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At the inception of their careers, most lawyers have little or no background in classical rhetoric. Many law students enter law school thinking that they will receive formal training in either logic or rhetoric, but very few law schools even teach classes in these subjects. In the absence of any formal training, most lawyers learn to write persuasively by imitating “good” legal writing. The consequence for the legal profession is an abundance of legal writing that is not grounded conceptually in the rhetorical tradition from which it is derived. The principal problem with legal writing is not that lawyers cannot write; the problem is that we have not been taught how to create and construct arguments. It is not our writing that is undeveloped or unclear; it is our thinking. In order to develop “clearer” thinking, lawyers need to know something about the rhetorical tradition from which legal argument is derived. This article highlights the need for educating lawyers about the rhetorical tradition, to provide a brief summary of the basics in syllogistic and analogical reasoning that lawyers need to know in order to understand that tradition, and to isolate and analyze several of the problems in both types of reasoning common to legal writers. Each of these problems can be identified, evaluated and improved regardless of the lawyer’s “writing ability” or experience level. The article creates a working vocabulary for recognizing these problems that enables lawyers, professors, students, and judges to communicate in the same language about a critical component of persuasive writing – the validity of its reasoning.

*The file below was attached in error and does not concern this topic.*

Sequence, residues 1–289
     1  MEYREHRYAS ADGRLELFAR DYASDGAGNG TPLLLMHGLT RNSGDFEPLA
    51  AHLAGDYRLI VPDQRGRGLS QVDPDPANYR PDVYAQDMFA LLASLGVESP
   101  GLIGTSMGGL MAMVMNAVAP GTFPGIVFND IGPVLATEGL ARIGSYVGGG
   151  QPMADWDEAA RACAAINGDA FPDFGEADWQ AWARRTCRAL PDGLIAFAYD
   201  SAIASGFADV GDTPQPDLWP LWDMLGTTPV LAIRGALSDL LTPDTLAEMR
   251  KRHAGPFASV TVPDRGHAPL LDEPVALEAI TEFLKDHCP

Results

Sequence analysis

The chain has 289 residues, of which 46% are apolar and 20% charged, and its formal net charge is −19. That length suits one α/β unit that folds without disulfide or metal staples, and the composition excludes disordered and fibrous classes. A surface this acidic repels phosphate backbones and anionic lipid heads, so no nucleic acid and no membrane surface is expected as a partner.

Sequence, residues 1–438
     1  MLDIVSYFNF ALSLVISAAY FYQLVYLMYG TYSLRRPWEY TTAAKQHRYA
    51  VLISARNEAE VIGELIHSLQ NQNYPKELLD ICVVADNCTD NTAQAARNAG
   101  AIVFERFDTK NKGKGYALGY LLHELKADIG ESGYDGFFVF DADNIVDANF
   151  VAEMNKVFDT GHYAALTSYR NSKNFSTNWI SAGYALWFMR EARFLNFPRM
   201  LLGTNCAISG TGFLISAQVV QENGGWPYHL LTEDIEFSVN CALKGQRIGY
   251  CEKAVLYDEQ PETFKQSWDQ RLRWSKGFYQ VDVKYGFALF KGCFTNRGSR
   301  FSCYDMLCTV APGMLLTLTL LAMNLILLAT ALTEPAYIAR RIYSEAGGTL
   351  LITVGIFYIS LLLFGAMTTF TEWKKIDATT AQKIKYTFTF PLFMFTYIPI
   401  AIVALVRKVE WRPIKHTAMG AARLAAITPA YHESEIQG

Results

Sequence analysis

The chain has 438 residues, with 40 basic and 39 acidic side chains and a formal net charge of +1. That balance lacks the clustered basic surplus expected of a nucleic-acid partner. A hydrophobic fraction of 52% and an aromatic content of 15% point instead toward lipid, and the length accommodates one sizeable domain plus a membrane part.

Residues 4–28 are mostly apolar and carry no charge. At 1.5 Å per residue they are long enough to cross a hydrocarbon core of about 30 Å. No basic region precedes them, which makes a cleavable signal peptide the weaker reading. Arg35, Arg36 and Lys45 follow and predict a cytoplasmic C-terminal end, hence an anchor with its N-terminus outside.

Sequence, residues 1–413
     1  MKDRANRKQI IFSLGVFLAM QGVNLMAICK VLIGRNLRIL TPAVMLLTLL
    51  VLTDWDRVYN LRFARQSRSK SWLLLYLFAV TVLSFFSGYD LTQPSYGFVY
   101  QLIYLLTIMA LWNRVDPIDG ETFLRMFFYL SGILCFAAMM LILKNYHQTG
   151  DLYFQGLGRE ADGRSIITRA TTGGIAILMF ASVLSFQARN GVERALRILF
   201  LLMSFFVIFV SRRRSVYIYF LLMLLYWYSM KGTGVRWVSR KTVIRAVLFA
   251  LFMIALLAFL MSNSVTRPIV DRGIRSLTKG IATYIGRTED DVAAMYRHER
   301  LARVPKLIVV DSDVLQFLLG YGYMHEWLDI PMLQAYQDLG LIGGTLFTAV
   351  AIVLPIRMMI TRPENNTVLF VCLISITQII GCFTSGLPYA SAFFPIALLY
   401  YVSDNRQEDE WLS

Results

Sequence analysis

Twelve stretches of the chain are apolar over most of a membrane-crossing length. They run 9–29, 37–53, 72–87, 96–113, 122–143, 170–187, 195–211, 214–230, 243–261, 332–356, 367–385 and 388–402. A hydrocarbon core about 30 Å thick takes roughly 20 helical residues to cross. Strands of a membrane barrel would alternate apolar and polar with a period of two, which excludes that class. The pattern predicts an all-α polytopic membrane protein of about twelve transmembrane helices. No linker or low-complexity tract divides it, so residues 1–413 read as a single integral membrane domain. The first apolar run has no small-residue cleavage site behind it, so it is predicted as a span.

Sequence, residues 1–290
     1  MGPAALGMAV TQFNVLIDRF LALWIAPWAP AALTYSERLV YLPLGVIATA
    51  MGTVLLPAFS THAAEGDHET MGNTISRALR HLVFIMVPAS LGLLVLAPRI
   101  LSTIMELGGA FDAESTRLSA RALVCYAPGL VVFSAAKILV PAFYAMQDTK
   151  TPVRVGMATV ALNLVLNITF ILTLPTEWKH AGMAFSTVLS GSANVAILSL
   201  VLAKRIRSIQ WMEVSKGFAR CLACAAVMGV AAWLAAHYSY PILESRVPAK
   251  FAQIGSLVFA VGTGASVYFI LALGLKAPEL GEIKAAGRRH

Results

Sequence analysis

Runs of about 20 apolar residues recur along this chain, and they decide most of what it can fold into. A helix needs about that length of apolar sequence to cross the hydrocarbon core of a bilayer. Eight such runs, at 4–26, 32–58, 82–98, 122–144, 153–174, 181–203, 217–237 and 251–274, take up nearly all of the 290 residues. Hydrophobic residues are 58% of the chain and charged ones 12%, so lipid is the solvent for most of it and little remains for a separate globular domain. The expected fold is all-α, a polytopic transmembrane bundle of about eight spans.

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27 VT. L. REV. 483-563 (2003)